The beer’s name comes from the night of Feb. 2, 1996, when Tower, Minnesota recorded the state’s lowest-ever temperature, that eponymous subzero nightmare. (Fun fact: It was the lowest temperature ever recorded in the United States east of the Great Plains.) Accordingly, Surly is holding a launch party this Friday, Feb. 2, at the Vermilion Club in Tower. EDITOR’S NOTE, Jan. 30, 2018: The launch party has been cancelled, as per a message from Surly. After that, 60 Below will crop up exclusively in mixed Surly 12-packs (along with Hell Lager, Furious IPA, and Xtra-Citra Pale Ale) hitting the shelves the week of Feb. 19.

Chankaska Spirits Ranch Road Gin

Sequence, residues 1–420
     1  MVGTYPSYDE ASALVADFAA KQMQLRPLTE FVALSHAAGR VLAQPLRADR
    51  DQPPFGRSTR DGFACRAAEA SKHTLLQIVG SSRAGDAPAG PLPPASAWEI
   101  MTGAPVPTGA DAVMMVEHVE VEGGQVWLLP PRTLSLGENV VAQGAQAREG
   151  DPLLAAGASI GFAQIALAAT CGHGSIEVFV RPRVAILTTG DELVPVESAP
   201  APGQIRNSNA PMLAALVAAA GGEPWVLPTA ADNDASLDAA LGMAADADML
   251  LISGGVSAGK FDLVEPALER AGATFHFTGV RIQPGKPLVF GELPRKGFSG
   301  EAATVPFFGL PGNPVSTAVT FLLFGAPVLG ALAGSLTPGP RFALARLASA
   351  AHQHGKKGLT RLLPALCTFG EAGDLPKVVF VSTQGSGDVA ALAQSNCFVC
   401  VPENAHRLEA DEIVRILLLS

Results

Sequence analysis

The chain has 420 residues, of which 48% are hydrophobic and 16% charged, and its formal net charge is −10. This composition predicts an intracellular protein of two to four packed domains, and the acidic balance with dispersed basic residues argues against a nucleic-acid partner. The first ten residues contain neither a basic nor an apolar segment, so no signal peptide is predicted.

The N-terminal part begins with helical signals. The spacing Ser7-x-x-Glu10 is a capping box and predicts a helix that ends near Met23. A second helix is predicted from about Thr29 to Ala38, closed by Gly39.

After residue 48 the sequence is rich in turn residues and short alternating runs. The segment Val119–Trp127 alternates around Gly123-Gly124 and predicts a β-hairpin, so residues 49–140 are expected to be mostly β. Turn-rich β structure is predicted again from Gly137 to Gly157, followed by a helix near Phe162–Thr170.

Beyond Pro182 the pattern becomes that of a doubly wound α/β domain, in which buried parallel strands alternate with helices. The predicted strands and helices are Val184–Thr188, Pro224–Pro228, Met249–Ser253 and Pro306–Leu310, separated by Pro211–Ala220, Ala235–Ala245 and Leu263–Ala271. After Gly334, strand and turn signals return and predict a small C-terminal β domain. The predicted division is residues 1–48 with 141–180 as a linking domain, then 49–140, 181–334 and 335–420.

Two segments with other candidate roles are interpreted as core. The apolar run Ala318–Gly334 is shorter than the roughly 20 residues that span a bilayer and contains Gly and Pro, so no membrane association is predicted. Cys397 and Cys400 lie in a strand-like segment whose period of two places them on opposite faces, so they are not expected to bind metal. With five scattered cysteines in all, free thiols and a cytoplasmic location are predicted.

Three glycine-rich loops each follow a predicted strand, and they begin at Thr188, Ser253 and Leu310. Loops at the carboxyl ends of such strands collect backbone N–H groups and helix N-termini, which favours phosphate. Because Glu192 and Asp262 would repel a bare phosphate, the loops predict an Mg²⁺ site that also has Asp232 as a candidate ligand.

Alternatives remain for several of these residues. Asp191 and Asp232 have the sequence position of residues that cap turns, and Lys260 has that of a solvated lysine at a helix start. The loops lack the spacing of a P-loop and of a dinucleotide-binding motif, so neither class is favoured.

Rick Didora / Heavy Table
Rick Didora / Heavy Table

Chankaska Spirits, a three-year-old venture of Chankaska Creek Ranch and Winery, is now offering a variety of spirits in Minnesota liquor stores and at its facility in Kasota, Minn., just south of St. Peter. Though the decade-old ranch and vineyard is better known for cold-climate wine, the Chankaska grounds were formerly occupied by a successful rum-running operating during Prohibition. As a nod to that heritage, spirit production has now expanded to include several unaged as well as barreled selections.

In terms of raw ingredients, Chankaska sticks to the use of traditional barley, corn, and rye for the majority of its portfolio. Using a 500-liter pot still, they distill each wash twice, first through a stripping run and then through a spirits run. To add to the continuity between the wine and spirit operations, two of the spirits feature the use of grapes (rather than grain), some of which are grown on site.